Re: Active voice / passive voice studies

Subject: Re: Active voice / passive voice studies
From: "Bonnie Granat" <bgranat -at- editors-writers -dot- info>
To: "TECHWR-L" <techwr-l -at- lists -dot- raycomm -dot- com>
Date: Sun, 27 Jul 2003 10:51:07 -0400

See <rant> below, or click Delete.

> > ---> Well, this can be rephrased as "The application verifies it
> > against the set of plausibilty rules, after you enter the data."
> But this is different - you introduce an acting person and the reader -
> as I tried to explain - could think that data is not verified when
> somebody else (than the person mentioned) enters it.
> > "Thus, there is no benefit in mentioning the actor (who has entered
> > the data), and doing so can in fact lead to confusion because the
> > reader might assume that the verification of the data is tied to the
> > entering person (when it is not)."
> >
> > --> Well thats the reason why almost everybody use "You" in active
> > voice instead of saying the "user", "administrator", "Mr.X" or "Miss.
> > Y" ;).
> Yes, but there are systems with many different potential actors. Think
> about large ERP systems with all kinds of different roles. The "you"
> addressed in the manual may be the system administrator who does not
> enter, e.g., order data him- or herself.


There are so many variables in these situations. It would be helpful to both
posters with questions and those who respond to them if posters would provide
a sense of the context of a question. One sentence cannot be evaluated for
effectiveness, appropriateness, or any other quality when it is isolated from
the surrounding text.

The subject sentence above may be perfect for its context, but I have no way
of knowing that. I think it is impossible to judge whether active or passive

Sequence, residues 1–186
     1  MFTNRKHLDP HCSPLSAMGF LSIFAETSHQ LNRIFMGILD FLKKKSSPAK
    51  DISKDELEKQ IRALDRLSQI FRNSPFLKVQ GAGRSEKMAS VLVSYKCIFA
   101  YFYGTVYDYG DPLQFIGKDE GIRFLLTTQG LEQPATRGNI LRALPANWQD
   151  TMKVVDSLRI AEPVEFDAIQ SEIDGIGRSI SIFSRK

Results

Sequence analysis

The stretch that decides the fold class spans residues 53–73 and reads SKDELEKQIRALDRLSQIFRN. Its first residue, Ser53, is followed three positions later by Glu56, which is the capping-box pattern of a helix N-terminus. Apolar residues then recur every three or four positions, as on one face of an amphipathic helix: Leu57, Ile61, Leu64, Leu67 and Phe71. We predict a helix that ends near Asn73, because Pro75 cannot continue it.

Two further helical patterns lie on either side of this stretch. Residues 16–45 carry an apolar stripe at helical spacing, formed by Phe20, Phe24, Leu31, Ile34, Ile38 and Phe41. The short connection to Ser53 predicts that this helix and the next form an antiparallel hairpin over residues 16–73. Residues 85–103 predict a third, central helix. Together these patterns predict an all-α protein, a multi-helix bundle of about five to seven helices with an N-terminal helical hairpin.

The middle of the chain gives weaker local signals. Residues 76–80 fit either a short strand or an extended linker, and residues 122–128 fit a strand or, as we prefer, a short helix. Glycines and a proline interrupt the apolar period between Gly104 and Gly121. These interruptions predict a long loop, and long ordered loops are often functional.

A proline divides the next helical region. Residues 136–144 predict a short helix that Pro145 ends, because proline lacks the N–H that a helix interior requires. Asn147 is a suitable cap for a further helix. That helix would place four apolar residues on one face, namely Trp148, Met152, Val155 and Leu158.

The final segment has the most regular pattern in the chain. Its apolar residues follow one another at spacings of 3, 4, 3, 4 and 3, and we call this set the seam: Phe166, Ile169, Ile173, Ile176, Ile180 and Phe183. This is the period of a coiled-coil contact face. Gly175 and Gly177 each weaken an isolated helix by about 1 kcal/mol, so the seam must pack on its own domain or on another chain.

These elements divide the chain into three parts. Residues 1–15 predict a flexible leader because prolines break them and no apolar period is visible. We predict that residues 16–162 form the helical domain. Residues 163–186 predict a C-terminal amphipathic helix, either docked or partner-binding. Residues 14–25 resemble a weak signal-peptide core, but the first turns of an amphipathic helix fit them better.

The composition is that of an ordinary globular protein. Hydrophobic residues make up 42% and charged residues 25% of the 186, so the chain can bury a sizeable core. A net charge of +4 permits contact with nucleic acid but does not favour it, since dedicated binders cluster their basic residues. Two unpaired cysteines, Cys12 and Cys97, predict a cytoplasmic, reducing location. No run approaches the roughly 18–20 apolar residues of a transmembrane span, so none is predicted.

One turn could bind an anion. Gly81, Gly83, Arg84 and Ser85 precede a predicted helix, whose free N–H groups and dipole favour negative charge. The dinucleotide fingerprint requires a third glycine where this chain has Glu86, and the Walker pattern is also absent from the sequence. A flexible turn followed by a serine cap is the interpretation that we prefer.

is best for the sentence because virtually nothing is known about the purpose
of the sentence and its context.

I have also mentioned this on the copyediting list from time to time, but
people continue to post single sentences -- and I continue to respond to them,
often tagging my lament to my response.

How can we expect to get informed judgments from our peers about sentences
when we are not providing the fundamental factors to them that we ourselves
consider when we are writing? Who can possibly comment on a sentence in
isolation from its context? Everything depends on what comes before and what
goes after a subject sentence. To analyze a sentence in itself, separate and
apart from its actual context, is an instructive exercise in the dynamics of
miscommunication. It ends up being frustrating to all parties, or at least
*confusing,* because people have a context in their minds that they are
*assuming* exists for the others, but which in fact may not exist at all.

The above sentence might be exactly right for some situations, but who can
tell if it's right without seeing how it is related to its context?


Bonnie Granat


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Re: Active voice / passive voice studies: From: Jan Henning

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